WATCH: Australian MPs Seek Safe Space As New Legislator Demands Action On Radical Islam


Senators from the Green Party stormed out of the Australian Senate as newly-elected member Pauline Hanson made her maiden speech and warned those unwilling to adapt to the Australian way of life to “go back to where you came from”.

As Breitbart London reported, Senator Hanson told the chamber Australia is “in danger of being swamped by Muslims” resulting in its people “living under Sharia law” unless the country radically changes its immigration policy.

Now video has emerged that shows the left-wing Green Party representatives fleeing as the One Nation party leader spoke. One by one they left before taking to social media to explain why they were affronted by her exercise of free speech and sought to “stand with those people hurt by her words”. Watch the exit below:

Greens leader Richard Di Natale tweeted about the offence he felt:

“Together, our MPs have left Senator Pauline Hanson’s 1st speech because we’ll call out racism wherever it occurs, including Parliament,” Mr. Di Natale wrote.

“Racism has no place in Parliament but that is what we have just heard from Senator Hanson. I stand with those people hurt by her words.”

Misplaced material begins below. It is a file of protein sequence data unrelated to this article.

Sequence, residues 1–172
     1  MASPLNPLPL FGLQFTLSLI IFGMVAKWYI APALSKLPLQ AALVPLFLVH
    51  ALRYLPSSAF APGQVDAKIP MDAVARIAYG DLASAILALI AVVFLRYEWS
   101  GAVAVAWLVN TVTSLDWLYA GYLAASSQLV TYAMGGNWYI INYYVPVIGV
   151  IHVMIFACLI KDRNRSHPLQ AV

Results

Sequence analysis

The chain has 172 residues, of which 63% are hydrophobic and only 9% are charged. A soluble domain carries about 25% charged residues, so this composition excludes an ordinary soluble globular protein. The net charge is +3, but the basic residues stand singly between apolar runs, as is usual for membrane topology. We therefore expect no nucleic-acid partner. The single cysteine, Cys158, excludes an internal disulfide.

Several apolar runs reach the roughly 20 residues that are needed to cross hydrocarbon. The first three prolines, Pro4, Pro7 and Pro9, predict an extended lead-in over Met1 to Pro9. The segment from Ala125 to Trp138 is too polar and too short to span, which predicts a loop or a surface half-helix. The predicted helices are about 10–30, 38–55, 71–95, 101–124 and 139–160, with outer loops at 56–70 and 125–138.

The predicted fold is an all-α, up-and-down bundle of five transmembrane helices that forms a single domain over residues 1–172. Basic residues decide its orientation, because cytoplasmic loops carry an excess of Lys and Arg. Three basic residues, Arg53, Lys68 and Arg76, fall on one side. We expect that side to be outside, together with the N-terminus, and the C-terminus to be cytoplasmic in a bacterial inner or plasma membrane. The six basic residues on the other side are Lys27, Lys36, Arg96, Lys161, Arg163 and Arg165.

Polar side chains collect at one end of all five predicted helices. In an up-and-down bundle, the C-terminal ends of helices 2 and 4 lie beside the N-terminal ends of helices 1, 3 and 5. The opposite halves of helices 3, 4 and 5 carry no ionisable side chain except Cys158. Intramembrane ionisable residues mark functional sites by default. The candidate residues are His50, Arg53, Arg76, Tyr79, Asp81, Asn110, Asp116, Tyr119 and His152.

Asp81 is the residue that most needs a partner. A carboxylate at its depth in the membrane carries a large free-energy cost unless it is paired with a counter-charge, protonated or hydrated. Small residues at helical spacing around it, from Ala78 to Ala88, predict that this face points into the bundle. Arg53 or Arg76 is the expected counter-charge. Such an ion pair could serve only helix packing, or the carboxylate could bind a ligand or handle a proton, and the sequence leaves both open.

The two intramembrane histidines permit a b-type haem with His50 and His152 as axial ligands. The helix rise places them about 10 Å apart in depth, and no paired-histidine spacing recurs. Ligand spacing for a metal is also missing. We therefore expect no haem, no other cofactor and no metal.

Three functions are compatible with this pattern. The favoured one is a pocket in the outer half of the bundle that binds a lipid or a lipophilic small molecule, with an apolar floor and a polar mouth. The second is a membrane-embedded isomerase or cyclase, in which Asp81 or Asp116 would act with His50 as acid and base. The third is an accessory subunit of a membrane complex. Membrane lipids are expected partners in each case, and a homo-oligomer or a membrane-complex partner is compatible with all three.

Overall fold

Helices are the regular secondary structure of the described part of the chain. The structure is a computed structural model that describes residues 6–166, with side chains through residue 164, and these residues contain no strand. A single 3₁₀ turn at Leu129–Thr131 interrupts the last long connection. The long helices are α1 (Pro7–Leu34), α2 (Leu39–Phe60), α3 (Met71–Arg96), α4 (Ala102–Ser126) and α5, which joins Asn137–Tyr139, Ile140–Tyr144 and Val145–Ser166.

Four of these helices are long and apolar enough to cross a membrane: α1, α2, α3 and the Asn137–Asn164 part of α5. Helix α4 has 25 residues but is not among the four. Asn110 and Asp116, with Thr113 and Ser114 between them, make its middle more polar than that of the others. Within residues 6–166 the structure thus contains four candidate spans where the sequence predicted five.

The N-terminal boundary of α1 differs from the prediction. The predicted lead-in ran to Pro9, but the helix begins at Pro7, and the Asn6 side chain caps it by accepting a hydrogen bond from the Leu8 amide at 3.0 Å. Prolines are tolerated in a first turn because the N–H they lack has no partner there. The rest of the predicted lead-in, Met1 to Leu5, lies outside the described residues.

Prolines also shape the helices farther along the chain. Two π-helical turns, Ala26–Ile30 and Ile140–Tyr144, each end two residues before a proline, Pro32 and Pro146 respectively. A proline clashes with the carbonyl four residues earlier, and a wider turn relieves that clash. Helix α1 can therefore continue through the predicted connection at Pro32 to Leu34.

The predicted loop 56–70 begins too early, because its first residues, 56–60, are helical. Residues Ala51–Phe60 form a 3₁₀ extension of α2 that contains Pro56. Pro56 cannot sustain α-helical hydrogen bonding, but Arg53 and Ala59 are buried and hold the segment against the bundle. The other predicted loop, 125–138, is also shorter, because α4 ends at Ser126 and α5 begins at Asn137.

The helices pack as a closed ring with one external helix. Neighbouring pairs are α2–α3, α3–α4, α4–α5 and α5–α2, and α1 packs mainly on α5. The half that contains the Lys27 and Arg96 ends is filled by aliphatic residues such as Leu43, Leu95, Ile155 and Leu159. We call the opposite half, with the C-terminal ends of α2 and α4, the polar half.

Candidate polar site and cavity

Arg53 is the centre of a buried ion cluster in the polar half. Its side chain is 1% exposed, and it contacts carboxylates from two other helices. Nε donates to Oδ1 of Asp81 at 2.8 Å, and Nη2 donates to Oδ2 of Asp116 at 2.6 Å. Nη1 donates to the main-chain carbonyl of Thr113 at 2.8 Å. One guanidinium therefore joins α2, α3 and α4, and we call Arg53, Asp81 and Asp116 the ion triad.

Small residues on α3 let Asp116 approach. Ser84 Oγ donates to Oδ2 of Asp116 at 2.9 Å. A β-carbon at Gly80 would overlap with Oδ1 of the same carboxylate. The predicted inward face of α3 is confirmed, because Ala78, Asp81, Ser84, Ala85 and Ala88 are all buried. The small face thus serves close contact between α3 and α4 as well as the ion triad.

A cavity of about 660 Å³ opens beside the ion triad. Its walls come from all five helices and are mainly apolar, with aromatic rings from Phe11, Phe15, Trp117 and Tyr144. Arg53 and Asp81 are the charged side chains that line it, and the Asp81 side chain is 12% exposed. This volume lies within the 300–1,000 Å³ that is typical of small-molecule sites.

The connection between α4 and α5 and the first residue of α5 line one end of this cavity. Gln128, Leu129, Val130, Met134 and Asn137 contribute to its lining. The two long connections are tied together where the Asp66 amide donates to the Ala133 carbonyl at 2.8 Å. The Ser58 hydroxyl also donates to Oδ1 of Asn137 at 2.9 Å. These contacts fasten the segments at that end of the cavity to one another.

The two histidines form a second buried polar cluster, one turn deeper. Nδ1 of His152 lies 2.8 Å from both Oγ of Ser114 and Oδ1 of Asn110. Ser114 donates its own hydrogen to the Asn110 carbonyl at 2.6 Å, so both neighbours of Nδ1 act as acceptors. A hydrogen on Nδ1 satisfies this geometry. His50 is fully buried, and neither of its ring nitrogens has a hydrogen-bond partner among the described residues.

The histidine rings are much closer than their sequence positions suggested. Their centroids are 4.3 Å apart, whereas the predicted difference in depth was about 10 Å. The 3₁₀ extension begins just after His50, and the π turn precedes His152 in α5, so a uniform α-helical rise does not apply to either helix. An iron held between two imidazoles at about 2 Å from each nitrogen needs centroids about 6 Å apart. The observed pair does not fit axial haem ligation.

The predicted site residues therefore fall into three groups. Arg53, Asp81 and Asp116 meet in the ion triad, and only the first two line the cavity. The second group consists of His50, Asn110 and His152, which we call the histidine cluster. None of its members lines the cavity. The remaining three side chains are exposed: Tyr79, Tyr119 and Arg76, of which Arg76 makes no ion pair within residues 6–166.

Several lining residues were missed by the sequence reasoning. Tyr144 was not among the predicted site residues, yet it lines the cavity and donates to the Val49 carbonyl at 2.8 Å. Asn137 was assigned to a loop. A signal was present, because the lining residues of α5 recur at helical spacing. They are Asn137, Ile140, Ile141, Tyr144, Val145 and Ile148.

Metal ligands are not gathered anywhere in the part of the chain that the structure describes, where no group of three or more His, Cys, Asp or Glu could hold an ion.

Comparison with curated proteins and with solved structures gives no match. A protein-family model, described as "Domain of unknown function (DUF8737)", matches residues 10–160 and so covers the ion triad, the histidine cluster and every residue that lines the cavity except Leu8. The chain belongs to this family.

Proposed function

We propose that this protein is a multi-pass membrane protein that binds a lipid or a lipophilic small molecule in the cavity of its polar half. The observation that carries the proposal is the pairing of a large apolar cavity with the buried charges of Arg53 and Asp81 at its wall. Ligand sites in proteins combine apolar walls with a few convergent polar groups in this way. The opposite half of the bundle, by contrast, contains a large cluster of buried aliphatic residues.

Greens senator Sarah Hanson-Young echoed Mr. Di Natale’s sentiment, also taking to Twitter to air her outrage.

“I won’t be sitting by and letting racism and bigotry get an easy hearing in our nations Parliament. It has no place in a modern, smart Australia,” she wrote.

One person who called out the Greens for their intellectual cowardice was former Australian Prime Minister John Howard. He backed Senator Hanson’s right to be heard and her views respected – even by those who might disagree.

According to ABC News, he told the Lateline television programme  that Senator Hanson was “entitled to be treated in a respectful fashion by the rest of the Parliament.

“I think that reflects poorly on them.”

He told 774 ABC Melbourne earlier that it would be a mistake to generalise Ms. Hanson and her supporters as bigots.

“When I was in politics I always thought it was a mistake and it was inaccurate and it was unfair to brand her supporters as racist and it remains my view, and I don’t think anything is gained by those allegations,” he said.

Mr. Howard said the Parliament should deal with the newly elected senator on the merits of individual issues.

“When she was wrong I said so and when she wasn’t wrong I didn’t say anything,” he said.

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